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Posted at 17/11/11 - 04:21 PM



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readers page

if you have a favourite place in australia send us some high quality photos and describe the place in 200 to 300 words and we will put them on this site for all to enjoy

have a look at this magnificent tree


hunting for the kelly gang Barak bottom right

barak bottom right










junction of the goulburn and murray rivers 1896  






big red



Included in the feature events of the Commonwealth Athletic Club's meeting on
March 6 and 8 will be an Australian aboriginals' gift of 130 yards.

The club has provided £200 for distribution among aboriginal athletes.
Mr W. Onus (president of the- Australian Aboriginals* League) visited
Bendigo today and made final arrangements with the officials of the Commonwealth Athletic Club for the
gift. He said that it was a magnificent gesture to the Australian aboriginals,
and showed that the Bendigo club held the opiinon that the native
was no "back number.' ' He felt that much good would result
to the betterment of the Australain aboriginal.!
Many Australian aboriginals had done well in sport, and they included
such runners as Lynch Cooper, Doug Nichols, and E. C.

The Argus (Melbourne, Vic. : 1848 - 1956), Tuesday 11 March 1902, page 5

National Library of Australia

The Anthropological Society in Svdney have

made application to Mr William Baxter

 of  waaia for the skeletal remains of two

aborigines discovered by him on his farm
some few weeks ago The society attach much

value to these relics of the native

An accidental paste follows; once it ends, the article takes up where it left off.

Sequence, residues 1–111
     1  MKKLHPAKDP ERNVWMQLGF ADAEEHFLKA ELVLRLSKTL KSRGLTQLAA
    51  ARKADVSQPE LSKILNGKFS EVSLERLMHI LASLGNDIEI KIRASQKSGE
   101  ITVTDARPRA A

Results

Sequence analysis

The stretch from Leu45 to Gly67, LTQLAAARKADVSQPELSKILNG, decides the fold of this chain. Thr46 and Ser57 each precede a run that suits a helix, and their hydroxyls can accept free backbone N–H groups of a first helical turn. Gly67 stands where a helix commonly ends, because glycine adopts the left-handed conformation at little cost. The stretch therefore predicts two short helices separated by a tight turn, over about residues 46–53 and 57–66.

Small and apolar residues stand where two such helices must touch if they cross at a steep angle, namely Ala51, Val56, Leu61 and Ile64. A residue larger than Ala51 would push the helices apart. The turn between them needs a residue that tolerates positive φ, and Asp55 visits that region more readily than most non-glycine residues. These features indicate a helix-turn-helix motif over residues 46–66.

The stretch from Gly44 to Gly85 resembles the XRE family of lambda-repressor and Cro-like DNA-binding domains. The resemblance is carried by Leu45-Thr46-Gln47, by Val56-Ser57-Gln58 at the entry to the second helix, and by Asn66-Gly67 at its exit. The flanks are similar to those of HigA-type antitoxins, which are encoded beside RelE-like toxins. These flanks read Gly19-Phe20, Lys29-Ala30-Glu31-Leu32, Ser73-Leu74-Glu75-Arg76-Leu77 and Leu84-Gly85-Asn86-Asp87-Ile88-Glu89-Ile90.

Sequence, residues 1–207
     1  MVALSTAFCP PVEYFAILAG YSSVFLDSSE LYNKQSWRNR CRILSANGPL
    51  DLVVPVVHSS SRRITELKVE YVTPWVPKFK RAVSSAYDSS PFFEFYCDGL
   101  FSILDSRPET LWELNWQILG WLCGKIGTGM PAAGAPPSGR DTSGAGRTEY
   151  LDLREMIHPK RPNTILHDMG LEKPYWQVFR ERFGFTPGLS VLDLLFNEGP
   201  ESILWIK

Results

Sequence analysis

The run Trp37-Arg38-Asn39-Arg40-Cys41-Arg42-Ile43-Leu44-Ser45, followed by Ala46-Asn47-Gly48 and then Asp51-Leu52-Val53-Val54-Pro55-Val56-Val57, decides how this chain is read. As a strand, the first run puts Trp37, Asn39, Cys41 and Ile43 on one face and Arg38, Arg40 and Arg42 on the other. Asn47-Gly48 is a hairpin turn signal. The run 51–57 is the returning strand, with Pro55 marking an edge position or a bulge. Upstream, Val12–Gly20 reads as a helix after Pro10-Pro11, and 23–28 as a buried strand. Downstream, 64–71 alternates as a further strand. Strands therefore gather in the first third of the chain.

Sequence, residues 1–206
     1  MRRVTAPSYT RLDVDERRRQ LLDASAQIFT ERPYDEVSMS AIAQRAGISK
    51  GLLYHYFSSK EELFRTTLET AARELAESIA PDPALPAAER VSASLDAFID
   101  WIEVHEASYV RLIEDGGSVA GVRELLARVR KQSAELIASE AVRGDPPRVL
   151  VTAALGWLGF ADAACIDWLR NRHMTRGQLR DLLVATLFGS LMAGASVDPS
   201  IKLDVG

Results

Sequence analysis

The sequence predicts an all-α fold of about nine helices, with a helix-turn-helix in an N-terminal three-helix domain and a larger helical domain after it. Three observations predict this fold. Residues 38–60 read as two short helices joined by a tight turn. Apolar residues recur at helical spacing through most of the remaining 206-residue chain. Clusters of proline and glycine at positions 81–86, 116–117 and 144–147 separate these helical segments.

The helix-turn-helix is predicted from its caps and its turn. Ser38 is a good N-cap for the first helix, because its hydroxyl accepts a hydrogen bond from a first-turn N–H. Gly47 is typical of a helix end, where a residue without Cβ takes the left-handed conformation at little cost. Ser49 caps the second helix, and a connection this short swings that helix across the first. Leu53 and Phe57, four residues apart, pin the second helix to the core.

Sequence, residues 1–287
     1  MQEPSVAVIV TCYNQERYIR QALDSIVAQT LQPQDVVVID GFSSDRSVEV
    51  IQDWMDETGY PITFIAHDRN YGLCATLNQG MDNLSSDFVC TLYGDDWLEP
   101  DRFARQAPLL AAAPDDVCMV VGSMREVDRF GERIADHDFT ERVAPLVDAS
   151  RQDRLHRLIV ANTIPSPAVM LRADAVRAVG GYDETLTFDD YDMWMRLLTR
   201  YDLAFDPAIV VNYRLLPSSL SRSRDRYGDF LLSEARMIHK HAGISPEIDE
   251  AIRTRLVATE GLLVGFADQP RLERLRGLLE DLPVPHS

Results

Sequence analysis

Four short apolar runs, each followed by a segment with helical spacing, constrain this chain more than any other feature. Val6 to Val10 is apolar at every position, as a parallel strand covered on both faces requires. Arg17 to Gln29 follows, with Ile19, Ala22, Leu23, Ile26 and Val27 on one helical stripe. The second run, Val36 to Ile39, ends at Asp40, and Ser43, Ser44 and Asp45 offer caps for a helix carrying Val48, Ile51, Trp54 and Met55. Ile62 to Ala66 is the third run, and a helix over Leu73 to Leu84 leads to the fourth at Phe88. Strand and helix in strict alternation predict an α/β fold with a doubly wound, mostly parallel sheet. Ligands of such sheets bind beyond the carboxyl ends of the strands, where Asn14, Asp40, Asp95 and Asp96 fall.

tribes, which presumably belong to those
ol the Goulburn River, as they were discovered

within a few miles of that stream

The old races are amost extinct in these
parts and at the Cummerijiniga Mission
Station, on the Murray river, near Barmah

althougn there are between 200 und 300
natives and half castes, there is now only
one of the old Barmah tribe left in the
district Mr Baxter has consented to hand over

the skeletons of the Waaia aborigines
to the Sydney association.


paddle steamer murrumbidgee at echuca wharf 1940

rare picture of uncle william cooper

uncle eddie atkinson (pastor)


Heritage Lost by Roger Ross Bush Poet


You carried them off tribal lands with you

Oh won’t you ever understand?

You carried out torn, broken hearts as well

With part of your winning hand


And a mother’s sore breasts, they ache all night - for she can still hear her baby cry.

Although you’ve carried the babies away;

for many a distant mile;


A father cups his shoulders in pain

 Yet another tribal baby lost in vain.

You will face a schooling teacher;

but only the white mans way


They will never learn their heritage by listening to what their elders say

Or help their mother find bush tucker as she gleans it every day


The pristine creek and billabong they will never sleep beside

And the stars they knew as babies are not in city reside


And a mother’s sore breast - they ache all night for she can still hear her baby cries.   


Roger Ross bush poet



the goulburn river

scar tree 1940's


The Argus (Melbourne, Vic. : 1848-1954), Friday 30 April 1954, page 9
National Library of Australia

New deal for river dwellers

Shepparton, Thursday
A River Bankers "New Deal" Committee has
been formed to improve conditions for aborigines living on the banks of the Goulburn
River between Shepparton and Mooroopna. Thc committee will try to obtain a site for a kindergarten
and ablution block for the natives. At present they live in tin shanties, and the river is
their only source of water, which they have to carry to their camp sites. Pastor Doug Nicholls,
former Fitzroy footballer, is interested in the proposal, and he will attempt to raise funds for the scheme.
Mr. E. N. Downe, headmaster of Shepparton High School, is chairman of the committee, which includes
local city and shire councillors, church ministers and a Public Works Department officer.

the goulburn river at mooroopna in the sixties

same place 50 yrs later

old man goanna checking it out